"According to the number of his throw the player moves his marker an equal number of stones ahead on the circle, using one of the rivers as a starting point. If the throw is five, for instance, he lays his horse between the fourth and fifth stones and hands the pa-tol sticks to the next man. If his throw be ten, however, as the first man's throw is very certain to be, it lands his horse in the second river, and he has another throw. The second man may make his starting point the same or another river, and may elect to run his horse around the circle in the same direction that the first is going or in the opposite. If in the same direction, he will do his best to make a throw which will bring his horse into the same notch as that of the first man, in which case the first man is killed and has to take his horse back to the starting point, to try over again when he gets another turn. In case the second man starts in the opposite direction—which he will not do unless an expert player—he has to calculate with a good deal of skill for the meeting, to kill and to avoid being killed by the first player. When he starts in the same direction he is behind and runs no chance of being killed, while he has just as good a chance to kill. But if, even then, a high throw carries him ahead of the first man—for jumping does not count either way, the only killing being when two horses come in the same notch—his rear is in danger, and he will try to run on out of the way of his pursuer as fast as possible. The more players the more complicated the game, for each horse is threatened alike by foes that chase from behind and charge from before, and the most skilful player is liable to be sent back to the starting point several times before the game is finished, which is as soon as one horse has made the complete circuit. Sometimes the players, when very young or unskilled, agree there shall be no killing; but unless there is an explicit arrangement to that effect, killing is understood, and it adds greatly to the interest of the game."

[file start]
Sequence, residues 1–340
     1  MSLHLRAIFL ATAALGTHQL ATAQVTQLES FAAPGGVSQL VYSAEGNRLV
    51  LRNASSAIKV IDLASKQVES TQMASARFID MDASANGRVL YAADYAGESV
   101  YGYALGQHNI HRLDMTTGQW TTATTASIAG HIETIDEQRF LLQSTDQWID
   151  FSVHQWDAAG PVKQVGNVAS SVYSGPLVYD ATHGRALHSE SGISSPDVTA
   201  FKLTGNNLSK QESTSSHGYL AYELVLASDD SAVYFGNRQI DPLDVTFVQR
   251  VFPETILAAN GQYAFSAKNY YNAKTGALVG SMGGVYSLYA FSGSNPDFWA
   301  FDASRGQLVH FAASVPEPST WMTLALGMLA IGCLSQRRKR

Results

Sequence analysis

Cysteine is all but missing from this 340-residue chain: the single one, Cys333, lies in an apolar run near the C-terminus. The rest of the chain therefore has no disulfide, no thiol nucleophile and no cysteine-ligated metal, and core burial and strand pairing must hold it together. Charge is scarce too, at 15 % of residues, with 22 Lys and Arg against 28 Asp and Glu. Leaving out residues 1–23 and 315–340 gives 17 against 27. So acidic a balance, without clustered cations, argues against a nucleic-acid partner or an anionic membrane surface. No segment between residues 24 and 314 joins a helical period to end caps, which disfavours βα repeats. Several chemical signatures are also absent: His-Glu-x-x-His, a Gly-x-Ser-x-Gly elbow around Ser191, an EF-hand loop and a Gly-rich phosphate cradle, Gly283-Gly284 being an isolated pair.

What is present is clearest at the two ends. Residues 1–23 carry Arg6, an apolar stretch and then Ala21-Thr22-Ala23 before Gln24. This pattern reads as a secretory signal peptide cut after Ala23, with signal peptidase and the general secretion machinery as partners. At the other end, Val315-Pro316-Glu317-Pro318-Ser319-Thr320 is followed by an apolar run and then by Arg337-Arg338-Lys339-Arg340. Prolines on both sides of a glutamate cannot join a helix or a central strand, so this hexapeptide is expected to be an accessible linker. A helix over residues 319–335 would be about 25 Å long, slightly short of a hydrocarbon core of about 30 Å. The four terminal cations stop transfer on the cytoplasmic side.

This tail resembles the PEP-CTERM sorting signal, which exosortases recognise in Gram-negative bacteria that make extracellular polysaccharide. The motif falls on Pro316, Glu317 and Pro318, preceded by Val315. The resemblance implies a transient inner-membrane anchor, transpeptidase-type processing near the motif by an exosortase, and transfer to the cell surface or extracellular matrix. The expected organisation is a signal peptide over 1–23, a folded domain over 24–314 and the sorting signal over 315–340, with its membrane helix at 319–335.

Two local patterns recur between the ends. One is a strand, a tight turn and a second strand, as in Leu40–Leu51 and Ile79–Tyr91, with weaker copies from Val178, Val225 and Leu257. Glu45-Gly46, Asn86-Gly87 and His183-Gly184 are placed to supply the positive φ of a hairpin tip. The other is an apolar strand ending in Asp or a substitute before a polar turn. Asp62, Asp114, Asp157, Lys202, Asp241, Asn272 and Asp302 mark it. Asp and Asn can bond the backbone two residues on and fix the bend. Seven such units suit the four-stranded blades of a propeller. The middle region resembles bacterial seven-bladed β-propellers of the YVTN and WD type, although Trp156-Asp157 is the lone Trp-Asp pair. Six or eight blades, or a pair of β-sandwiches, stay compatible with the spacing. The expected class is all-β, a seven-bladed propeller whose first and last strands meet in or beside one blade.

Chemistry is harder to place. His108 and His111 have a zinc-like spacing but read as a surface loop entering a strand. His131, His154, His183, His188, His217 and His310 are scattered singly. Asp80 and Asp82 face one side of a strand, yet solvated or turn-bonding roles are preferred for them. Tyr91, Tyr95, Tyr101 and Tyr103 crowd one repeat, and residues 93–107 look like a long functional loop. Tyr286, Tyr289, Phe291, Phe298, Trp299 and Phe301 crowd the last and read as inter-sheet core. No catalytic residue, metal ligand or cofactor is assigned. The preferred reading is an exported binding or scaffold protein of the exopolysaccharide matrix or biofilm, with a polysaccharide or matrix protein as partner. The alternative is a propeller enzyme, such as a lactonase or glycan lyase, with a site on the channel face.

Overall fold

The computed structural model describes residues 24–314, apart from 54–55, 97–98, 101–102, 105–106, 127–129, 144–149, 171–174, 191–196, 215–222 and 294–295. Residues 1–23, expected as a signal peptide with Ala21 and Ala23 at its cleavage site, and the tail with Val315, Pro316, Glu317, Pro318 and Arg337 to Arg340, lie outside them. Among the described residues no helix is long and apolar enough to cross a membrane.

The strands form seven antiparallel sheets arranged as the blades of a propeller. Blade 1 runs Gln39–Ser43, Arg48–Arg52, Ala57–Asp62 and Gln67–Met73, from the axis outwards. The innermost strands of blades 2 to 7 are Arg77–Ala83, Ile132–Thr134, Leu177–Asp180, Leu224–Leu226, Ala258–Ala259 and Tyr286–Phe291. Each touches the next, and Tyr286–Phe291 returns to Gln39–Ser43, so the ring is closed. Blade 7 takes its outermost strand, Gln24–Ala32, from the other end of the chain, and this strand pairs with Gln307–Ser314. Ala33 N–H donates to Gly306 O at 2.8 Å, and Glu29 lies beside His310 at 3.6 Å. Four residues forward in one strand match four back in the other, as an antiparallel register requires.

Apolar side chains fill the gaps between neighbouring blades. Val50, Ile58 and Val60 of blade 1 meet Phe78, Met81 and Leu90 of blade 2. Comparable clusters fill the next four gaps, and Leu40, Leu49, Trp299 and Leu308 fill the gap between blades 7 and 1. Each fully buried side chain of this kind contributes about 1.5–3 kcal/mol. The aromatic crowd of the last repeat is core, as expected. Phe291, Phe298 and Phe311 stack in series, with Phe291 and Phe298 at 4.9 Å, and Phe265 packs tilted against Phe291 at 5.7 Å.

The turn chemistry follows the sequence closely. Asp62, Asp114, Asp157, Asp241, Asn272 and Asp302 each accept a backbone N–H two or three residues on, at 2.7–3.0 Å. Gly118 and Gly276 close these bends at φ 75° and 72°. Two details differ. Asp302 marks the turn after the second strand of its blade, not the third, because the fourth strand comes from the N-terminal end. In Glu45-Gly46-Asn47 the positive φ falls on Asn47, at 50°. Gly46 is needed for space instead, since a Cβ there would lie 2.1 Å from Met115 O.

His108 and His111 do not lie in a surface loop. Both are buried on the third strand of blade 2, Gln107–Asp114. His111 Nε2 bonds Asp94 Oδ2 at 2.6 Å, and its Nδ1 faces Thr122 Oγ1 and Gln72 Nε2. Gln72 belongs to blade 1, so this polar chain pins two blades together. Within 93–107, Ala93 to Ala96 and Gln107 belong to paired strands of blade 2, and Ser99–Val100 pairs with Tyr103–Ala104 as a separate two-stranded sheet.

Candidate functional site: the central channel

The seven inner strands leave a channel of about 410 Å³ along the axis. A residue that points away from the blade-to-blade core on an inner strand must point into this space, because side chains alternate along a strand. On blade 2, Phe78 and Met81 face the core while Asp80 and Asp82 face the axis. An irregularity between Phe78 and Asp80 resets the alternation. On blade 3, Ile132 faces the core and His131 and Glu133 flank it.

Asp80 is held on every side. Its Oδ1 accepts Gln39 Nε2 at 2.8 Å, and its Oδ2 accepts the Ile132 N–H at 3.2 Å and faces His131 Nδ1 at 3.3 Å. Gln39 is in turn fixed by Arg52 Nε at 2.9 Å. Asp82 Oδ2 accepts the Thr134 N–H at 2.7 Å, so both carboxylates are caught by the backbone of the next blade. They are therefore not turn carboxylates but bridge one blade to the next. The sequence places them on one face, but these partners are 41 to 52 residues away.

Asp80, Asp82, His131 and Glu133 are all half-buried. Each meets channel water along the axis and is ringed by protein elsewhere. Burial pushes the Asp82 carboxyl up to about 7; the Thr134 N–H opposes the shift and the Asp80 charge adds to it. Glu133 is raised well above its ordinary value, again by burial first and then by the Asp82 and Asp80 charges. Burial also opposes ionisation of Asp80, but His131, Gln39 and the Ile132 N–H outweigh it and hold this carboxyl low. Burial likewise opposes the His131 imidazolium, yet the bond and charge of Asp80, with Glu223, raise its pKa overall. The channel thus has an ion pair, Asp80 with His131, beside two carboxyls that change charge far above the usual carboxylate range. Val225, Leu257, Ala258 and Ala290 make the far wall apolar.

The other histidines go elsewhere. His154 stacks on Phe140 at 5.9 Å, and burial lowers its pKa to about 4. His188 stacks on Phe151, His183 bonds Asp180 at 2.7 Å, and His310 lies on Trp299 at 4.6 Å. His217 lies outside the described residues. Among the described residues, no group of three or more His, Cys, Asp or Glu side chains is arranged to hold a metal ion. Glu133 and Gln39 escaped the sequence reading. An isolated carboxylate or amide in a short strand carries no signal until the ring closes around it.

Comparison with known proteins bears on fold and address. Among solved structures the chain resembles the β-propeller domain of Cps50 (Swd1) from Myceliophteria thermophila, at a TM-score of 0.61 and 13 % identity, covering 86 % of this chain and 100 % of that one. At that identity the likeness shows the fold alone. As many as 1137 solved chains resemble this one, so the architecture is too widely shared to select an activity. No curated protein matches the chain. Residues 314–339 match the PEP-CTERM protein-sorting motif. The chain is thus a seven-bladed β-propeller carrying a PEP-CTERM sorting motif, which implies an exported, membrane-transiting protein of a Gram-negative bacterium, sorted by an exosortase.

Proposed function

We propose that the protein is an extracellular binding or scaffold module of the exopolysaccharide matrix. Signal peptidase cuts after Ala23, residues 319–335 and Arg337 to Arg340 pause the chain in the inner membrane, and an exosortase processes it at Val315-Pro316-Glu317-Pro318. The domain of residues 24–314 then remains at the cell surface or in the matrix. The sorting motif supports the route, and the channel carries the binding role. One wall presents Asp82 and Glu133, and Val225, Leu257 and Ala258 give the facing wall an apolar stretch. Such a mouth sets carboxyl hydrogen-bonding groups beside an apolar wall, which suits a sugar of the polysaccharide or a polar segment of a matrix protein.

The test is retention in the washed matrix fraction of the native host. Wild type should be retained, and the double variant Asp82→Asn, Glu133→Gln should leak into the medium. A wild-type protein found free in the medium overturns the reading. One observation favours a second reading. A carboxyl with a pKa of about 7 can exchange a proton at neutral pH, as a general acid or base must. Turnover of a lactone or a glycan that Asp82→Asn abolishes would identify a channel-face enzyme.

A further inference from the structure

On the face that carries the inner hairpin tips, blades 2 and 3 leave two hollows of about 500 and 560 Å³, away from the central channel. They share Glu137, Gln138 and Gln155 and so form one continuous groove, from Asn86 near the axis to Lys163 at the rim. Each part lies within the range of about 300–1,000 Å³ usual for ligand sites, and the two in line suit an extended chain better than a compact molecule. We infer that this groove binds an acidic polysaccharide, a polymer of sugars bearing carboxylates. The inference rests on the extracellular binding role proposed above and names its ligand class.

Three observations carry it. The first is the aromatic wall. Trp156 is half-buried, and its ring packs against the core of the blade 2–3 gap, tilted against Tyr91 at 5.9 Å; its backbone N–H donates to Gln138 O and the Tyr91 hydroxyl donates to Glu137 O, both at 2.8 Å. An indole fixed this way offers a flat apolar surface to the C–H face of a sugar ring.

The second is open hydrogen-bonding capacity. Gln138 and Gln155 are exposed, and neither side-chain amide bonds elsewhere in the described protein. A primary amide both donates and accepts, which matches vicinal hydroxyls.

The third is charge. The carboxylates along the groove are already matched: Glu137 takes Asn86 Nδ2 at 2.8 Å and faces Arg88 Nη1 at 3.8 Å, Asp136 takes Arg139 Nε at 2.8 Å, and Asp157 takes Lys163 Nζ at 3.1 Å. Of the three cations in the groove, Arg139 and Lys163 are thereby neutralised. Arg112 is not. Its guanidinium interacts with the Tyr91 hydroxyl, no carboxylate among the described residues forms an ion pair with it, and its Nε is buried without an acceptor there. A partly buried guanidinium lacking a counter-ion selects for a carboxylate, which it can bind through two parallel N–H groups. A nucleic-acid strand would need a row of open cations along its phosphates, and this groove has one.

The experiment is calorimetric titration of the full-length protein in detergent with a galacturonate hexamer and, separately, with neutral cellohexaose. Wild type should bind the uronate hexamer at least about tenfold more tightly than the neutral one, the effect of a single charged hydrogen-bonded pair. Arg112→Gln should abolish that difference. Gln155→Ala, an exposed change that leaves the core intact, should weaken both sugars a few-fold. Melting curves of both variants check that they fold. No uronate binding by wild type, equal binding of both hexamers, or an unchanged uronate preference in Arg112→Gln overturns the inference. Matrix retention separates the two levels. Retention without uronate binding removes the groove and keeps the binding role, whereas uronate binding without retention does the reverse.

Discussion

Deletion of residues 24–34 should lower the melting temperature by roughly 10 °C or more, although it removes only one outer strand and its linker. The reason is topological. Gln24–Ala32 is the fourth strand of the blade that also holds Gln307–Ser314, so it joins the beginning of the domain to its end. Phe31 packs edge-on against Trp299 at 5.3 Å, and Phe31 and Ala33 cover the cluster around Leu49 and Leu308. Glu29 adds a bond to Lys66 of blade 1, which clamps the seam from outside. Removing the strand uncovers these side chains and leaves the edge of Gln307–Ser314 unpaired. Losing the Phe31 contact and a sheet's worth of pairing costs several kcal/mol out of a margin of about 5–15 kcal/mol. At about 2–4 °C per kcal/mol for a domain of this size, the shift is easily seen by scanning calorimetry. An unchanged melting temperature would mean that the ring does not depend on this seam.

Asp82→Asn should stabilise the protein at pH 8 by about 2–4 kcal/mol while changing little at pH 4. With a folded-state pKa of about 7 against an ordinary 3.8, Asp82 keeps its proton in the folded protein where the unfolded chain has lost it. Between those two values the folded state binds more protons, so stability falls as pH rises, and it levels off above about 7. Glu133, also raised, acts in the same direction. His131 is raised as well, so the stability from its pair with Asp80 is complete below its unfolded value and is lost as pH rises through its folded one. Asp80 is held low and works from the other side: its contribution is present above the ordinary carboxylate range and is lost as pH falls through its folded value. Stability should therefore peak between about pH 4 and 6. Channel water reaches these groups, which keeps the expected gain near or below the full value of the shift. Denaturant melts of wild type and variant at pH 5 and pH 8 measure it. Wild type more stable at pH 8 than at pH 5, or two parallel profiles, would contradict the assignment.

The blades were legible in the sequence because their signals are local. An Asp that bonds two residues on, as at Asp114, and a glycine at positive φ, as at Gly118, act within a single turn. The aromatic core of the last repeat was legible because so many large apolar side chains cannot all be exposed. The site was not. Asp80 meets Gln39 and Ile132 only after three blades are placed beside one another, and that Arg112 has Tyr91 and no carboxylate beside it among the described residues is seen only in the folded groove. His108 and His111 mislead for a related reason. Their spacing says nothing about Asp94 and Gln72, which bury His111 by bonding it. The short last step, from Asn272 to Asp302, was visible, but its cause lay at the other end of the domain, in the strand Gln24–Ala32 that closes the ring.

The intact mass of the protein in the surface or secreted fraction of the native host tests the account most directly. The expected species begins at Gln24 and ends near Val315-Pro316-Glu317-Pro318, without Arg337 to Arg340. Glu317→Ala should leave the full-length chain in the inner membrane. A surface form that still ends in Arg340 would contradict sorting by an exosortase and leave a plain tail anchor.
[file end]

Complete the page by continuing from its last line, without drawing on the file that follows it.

This game belongs to the second and non-ceremonial class of the games of hazard and is generally played by women. The Omaha type is here given, but it is similar to the game as played by kindred tribes.
Properties.—Five plum stones; a basket or wooden bowl; one hundred counters. The Omaha used stalks of the blue joint grass as counters, but small twigs or sticks will serve.